Who wouldn’t like Plan F insurance coverage?
Individuals who’re receiving Medicare benefits look to private insurance companies to fill the gaps of Medicare, called “Medigap Insurance,” also known as Medicare Supplemental Insurance. The popular Plan F isn’t liked by everybody, including the government. What could this mean for the future of Medigap coverage and Plan F.
What is Plan F?
Most individuals are familiar with deductibles, coinsurance, and co-pay’s when they visit a healthcare provider. Medigap Plan F fills all the gaps that would normally be paid by Medicare beneficiaries. The policy pays Medicare’s deductibles, co-pays, and coinsurance. Individuals who enroll into the “F” Plan don’t worry about Medicare-approved out-of-pocket expenses because the plan takes care of the cost as long as the premiums are paid on-time.
The Government and Medigap Plan F
Officials looking for ways to decrease the federal deficit, are suggesting that certain Medigap policies help explain why Medicare bills are rising so fast. Seniors don’t think twice when making a trip to the doctor or hospital because their policy will pay. And I don’t blame them.
Will shifting more of the healthcare cost to seniors solve the problem?
Paul Brodhagen, a 70-year-old male, is among the millions of seniors who’ve purchased a Medigap Plan F for his Medicare health insurance, doesn’t like the idea.
Paul is happy with his Supplemental Plan and said, “I know exactly what my health insurance expenses are every month, which is important when living on a fixed income. It would be tough to have to pay insurance deductibles and co-pays every time I visited a provider. If I didn’t have Plan F, I would definitely think twice before visiting a doctor or hospital.”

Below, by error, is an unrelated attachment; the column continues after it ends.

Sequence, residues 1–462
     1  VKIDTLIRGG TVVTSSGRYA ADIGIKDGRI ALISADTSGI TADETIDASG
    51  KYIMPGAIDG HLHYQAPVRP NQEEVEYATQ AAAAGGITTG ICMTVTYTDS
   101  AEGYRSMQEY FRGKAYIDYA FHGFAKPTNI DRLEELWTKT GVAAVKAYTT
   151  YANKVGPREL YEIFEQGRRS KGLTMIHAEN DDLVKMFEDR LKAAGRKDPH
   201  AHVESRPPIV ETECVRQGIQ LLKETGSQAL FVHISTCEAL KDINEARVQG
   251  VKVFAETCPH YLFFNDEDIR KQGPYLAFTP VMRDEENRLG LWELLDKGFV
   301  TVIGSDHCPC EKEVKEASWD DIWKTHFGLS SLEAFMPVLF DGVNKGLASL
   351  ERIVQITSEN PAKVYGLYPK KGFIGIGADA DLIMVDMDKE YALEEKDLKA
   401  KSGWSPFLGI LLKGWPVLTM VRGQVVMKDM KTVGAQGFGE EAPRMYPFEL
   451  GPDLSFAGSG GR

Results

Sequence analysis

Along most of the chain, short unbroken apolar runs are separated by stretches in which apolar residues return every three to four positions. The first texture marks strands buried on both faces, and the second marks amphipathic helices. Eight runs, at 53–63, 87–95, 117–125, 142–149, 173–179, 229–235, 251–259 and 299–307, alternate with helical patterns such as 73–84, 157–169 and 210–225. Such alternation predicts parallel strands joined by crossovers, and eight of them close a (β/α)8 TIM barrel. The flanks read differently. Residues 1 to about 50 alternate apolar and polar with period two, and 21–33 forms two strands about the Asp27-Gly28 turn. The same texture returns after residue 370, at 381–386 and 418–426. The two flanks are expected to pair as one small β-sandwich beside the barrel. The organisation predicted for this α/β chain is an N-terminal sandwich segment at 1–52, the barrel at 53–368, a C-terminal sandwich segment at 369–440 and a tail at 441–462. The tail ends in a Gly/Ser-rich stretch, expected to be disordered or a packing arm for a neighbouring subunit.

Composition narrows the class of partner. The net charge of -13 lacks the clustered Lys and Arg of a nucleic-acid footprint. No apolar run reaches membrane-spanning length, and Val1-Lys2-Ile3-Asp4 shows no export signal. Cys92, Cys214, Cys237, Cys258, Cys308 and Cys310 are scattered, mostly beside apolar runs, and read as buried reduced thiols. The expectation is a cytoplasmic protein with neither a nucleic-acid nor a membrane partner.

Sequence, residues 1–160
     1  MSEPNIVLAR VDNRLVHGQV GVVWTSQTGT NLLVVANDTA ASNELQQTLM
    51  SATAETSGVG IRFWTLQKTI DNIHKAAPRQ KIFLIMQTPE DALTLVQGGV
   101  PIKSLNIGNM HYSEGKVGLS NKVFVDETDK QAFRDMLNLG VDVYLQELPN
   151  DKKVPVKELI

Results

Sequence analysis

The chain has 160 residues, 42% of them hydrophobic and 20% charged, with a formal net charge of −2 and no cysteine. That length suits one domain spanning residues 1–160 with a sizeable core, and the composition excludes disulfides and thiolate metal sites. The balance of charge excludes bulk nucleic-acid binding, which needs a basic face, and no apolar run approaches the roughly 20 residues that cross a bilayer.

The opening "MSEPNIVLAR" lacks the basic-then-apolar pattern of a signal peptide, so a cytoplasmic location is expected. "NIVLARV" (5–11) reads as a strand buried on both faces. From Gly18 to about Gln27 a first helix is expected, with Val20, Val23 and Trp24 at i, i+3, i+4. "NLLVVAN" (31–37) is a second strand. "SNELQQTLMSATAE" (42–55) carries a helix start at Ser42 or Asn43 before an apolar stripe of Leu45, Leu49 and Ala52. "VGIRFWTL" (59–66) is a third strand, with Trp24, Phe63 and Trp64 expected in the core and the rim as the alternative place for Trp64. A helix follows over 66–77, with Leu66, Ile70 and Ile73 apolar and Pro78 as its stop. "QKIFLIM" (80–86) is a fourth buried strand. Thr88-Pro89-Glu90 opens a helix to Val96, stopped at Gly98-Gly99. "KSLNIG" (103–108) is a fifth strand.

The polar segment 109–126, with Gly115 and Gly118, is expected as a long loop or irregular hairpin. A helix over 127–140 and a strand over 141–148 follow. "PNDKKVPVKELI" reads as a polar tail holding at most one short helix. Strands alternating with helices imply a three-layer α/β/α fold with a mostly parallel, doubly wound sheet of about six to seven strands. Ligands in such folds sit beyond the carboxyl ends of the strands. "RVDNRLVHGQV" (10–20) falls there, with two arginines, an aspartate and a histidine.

Seniors are concerned of government intervention by adding co-pays to their Medicare Plan F policy. If that were to happen, Medigap Plan F would possibly fade and Medigap Plan G would become more popularly purchased.
Why Medigap Plan G is the plan of the future
Medigap Plan G may be the government’s answer to the problem. Plan G requires individuals to reach their Medicare Part B deductible of $166.00 before the plan pays for services. Since Plan G makes individuals meet their Part B deductible first, the premiums are cheaper than Plan F’s.
It may be cheaper for individuals to have Medigap Plan G now. The difference in premiums between F and G could be substantial enough, even with the Part B deductible, to seriously consider Plan G instead of Plan F.
The Plan G would make an individual think twice before going to the doctor because they would need to reach their Part B deductible, therefore lowering the deficit.
I still like Medigap Plan F, but now highly recommend switching to Plan G. the product to seniors on Medicare. It’s wise to pay attention to all factors when selecting your Medicare insurance coverage. My readers and clients will be the first to know of any Supplemental changes in the future. For now and always, get the best insurance coverage at the lowest cost using Retirement Transitions.
All content is in the opinion of the Author, Dan Owens, and is a forecast where he believes Medicare Supplemental Insurance is heading.